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    Enhancement of Lumbar Fusion and Alleviation of Adjacent Segment Disc Degeneration by Intermittent PTH(1-34) in Ovariectomized Rats. Zhou Zhuang,Tian Fa-Ming,Gou Yu,Wang Peng,Zhang Heng,Song Hui-Ping,Shen Yong,Zhang Ying-Ze,Zhang Liu Journal of bone and mineral research : the official journal of the American Society for Bone and Mineral Research Osteoporosis, which is prevalent in postmenopausal or aged populations, is thought to be a contributing factor to adjacent segment disc degeneration (ASDD), and the incidence and extent of ASDD may be augmented by osteopenia. Parathyroid hormone (PTH) (1-34) has already been shown to be beneficial in osteoporosis, lumbar fusion and matrix homeostasis of intervertebral discs. However, whether PTH(1-34) has a reversing or retarding effect on ASDD in osteopenia has not been confirmed. In the present study, we evaluated the effects of intermittent PTH(1-34) on ASDD in an ovariectomized (OVX) rat model. One hundred 3-month-old female Sprague-Dawley rats underwent L4 -L5 posterolateral lumbar fusion (PLF) with spinous-process wire fixation 4 weeks after OVX surgery. Control groups were established accordingly. PTH(1-34) was intermittently administered immediately after PLF surgery and lasted for 8 weeks using the following groups (n = 20) (V = vehicle): Sham+V, OVX+V, Sham+PLF+V, OVX+PLF+V, OVX+PLF+PTH. The fused segments showed clear evidence of eliminated motion on the fusion-segment based on manual palpation. Greater new bone formation in histology was observed in PTH-treated animals compared to the control group. The extent of ASDD was significantly increased by ovariotomy. Intermittent PTH(1-34) significantly alleviated ASDD by preserving disc height, microvessel density, relative area of vascular buds, endplate thickness and the relative area of endplate calcification. Moreover, protein expression results showed that PTH(1-34) not only inhibited matrix degradation by decreasing MMP-13, ADAMTS-4 and Col-I, but also promote matrix synthesis by increasing Col-II and Aggrecan. In conclusion, PTH(1-34), which effectively improves lumbar fusion and alleviates ASDD in ovariectomized rats, may be a potential candidate to ameliorate the prognosis of lumbar fusion in osteopenia. 10.1002/jbmr.2736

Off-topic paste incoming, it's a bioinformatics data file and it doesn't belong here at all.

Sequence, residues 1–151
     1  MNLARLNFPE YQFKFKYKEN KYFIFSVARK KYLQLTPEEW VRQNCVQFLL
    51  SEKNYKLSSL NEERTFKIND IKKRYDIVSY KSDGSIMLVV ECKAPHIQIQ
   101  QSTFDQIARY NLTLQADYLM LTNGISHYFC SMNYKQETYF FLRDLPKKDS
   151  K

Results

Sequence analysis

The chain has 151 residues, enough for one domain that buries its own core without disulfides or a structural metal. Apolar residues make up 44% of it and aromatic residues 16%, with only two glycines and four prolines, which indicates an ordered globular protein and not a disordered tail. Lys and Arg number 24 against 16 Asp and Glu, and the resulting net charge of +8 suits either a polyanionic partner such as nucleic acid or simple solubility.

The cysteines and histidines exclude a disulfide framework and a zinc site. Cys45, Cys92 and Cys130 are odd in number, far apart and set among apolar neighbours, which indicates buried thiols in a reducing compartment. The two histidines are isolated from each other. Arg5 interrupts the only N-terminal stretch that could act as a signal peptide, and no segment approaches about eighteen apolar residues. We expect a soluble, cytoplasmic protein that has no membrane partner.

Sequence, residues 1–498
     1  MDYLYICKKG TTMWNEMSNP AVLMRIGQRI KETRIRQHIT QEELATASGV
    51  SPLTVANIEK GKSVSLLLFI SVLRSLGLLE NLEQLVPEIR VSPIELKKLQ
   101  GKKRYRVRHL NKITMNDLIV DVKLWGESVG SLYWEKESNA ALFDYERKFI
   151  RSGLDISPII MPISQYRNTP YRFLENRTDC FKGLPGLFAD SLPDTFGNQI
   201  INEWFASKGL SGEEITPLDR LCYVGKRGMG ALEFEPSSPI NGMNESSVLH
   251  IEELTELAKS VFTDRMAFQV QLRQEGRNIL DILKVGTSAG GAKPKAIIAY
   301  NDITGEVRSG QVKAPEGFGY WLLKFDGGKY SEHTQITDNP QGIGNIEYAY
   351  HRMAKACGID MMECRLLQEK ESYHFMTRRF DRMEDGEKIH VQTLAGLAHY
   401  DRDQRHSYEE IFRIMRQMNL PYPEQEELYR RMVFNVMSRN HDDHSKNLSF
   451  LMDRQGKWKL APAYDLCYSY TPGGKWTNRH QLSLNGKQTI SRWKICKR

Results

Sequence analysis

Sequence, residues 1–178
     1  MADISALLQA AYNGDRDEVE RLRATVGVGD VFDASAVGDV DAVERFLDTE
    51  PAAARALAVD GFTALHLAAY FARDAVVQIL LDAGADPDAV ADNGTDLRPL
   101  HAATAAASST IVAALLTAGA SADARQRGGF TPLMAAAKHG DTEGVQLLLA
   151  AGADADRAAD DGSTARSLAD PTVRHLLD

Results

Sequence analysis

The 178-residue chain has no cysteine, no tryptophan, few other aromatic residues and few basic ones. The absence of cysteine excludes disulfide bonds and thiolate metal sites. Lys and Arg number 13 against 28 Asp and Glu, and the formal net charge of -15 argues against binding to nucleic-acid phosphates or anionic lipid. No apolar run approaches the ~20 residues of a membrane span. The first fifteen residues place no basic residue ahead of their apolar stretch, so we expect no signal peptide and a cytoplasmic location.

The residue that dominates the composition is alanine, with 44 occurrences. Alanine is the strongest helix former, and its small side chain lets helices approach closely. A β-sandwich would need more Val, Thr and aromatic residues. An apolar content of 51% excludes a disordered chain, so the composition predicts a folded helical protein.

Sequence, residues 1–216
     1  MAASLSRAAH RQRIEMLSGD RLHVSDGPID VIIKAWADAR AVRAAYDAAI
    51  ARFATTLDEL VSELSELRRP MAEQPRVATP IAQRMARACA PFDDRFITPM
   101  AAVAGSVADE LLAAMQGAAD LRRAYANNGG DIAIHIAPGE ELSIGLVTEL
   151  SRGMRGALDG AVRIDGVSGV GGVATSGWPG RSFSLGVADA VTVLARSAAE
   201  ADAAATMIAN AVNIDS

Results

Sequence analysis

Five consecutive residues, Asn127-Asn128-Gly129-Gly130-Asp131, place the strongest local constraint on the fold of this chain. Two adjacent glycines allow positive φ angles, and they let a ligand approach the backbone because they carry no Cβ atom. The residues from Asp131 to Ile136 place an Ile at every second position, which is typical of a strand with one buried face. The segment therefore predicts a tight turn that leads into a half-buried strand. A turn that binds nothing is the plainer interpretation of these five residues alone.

Longitudinal changes in bone mineral density, bone mineral content and bone area at the lumbar spine and hip in postmenopausal women, and the influence of abdominal aortic calcification. Bristow Sarah M,Gamble Greg D,Horne Anne M,Reid Ian R Bone reports Longitudinal studies often report that spine bone mineral density (BMD), measured by DXA, is stable in older adults, which has been attributed to osteophyte development and the presence of aortic calcification. A decline in projected spine area as a result of loss of intervertebral disc height might also contribute to higher BMD. We utilised data from 297 postmenopausal women (mean 73 years) who had DXA measurements of the lumbar spine, total hip and femoral neck 5 years apart, and abdominal aortic calcification scoring from vertebral morphometry. BMD declined by -4.4% at the total hip and -3.9% at the femoral neck (p < 0.001), but did not change at the spine (-0.5%, p = 0.12). In contrast, bone mineral content (BMC) declined by -4.0% at the total hip, -2.5% at the femoral neck and -1.7% at the spine (all p < 0.001). Bone area increased by 0.5% at the hip and 1.6% at the femoral neck but declined by -1.2% at the spine (all p < 0.001). 43% of the cohort had abdominal aortic calcification (AAC) present at baseline. The presence of AAC at baseline was not related to changes in BMD or BMC at the total hip or femoral neck, nor to BMD at the spine. However, women with AAC present had a smaller loss of BMC at the spine than those without (-0.8% versus -2.4%, p = 0.03). AAC score increased more over 5 years among those with AAC at baseline than those without (0.28 versus 0.16, p = 0.036). Thus, the stability of spine BMD is the result of both a loss of projected bone area (as a result of intervertebral disc changes and/or a decrease in projected area of the vertebral bodies) and the effects of aortic calcification. Future clinical trials should consider assessing changes in spine BMC as a more informative index of spine mineral status. 10.1016/j.bonr.2018.100190